Senior defense officials from Pakistan and the United States have held discussions on the war on terrorism and boosting Islamabad's defense capabilities. The agenda included Islamabad's desire to buy U.S. fighter jets, but no decision was made on the issue.
The head of the U.S. delegation to the Pakistan-U.S Defense Consultative Group says Washington is committed to helping Pakistan develop its military.

Undersecretary for Defense Douglas Feith said Thursday's talks focused on cooperation in the war on terror and building military ties between Pakistan and the United States.

"We discussed our common work together on the war on terrorism," Mr. Faith says. "The American side reported on the thinking that we have been doing about re-aligning our global defense posture we discussed the defense trade between the United States and Pakistan and the United States is pleased to be able to help Pakistan to develop its capabilities."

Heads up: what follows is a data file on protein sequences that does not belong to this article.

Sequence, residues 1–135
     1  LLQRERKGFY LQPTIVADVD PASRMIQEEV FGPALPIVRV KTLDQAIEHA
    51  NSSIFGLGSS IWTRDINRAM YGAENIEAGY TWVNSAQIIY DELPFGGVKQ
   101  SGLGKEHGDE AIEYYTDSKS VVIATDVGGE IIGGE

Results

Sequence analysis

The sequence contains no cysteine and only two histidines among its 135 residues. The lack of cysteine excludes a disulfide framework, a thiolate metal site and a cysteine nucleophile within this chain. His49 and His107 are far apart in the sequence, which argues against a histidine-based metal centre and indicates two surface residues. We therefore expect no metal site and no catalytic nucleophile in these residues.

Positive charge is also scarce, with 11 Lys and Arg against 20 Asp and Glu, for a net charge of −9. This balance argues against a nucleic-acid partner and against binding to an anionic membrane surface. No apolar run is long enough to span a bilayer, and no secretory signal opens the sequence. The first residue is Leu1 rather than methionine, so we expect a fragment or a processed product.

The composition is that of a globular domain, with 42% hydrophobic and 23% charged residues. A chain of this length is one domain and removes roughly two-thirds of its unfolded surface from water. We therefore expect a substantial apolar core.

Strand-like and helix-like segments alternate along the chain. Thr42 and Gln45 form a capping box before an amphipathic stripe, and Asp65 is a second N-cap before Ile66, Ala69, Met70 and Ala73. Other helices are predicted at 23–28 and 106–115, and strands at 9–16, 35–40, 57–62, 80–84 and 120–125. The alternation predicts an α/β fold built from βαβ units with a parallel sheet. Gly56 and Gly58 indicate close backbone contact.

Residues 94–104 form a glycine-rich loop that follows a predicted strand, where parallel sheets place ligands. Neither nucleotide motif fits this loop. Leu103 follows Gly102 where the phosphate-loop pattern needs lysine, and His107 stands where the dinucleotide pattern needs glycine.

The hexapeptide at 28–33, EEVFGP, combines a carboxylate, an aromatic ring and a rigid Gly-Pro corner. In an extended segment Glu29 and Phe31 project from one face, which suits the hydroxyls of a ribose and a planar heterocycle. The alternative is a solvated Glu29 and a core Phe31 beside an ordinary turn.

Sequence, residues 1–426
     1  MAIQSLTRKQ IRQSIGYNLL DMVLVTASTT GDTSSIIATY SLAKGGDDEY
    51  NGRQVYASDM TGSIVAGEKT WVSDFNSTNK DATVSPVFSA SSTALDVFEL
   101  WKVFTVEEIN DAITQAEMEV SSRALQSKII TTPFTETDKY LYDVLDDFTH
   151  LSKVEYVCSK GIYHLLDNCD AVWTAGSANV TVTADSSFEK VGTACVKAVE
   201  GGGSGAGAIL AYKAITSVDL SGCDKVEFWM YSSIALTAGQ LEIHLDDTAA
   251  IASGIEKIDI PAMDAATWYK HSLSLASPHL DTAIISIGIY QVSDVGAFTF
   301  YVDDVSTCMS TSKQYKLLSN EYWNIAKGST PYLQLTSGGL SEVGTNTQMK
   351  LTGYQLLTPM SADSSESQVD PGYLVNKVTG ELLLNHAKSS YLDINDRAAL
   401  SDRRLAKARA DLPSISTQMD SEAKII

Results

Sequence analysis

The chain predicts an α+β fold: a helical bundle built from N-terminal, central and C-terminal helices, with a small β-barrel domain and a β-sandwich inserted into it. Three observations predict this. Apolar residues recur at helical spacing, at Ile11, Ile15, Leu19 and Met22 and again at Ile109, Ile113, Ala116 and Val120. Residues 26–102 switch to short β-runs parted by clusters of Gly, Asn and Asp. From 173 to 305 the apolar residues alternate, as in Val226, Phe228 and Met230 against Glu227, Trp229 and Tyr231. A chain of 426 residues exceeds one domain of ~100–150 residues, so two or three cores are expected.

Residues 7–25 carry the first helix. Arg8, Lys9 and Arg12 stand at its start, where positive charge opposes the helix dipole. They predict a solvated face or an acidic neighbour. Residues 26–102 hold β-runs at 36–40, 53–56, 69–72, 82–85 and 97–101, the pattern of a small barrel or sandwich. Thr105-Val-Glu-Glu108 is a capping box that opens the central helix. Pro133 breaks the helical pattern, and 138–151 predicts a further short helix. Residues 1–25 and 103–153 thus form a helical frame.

Mr. Feith said the United States is considering a request from Pakistan to buy F-16 fighter planes but he would not say whether the two sides were close to reaching any understanding on the issue.

However, the leader of the Pakistani delegation, Hamid Nawaz Khan, said after the talks in the garrison town of Rawalpindi that his government is hopeful.

"This item is very much on the agenda and it is under consideration," Mr. Khan says. "Now exactly how much of it would materialize, when would it materialize, just wait and see. There is a lot of hope in the air."

Pakistan has become a key U.S ally since Washington launched its anti-terror campaign three years. The policy has earned Pakistan both political and economic assistance from the United States. The Bush administration also has declared Pakistan a major non-NATO ally.

In November, the U.S Defense Department notified Congress of three proposed arms sales to Pakistan worth more than a billion dollars. The deals include equipment for surveillance aircraft that Pakistan says will be used in the hunt for Islamic militants on its border with Afghanistan.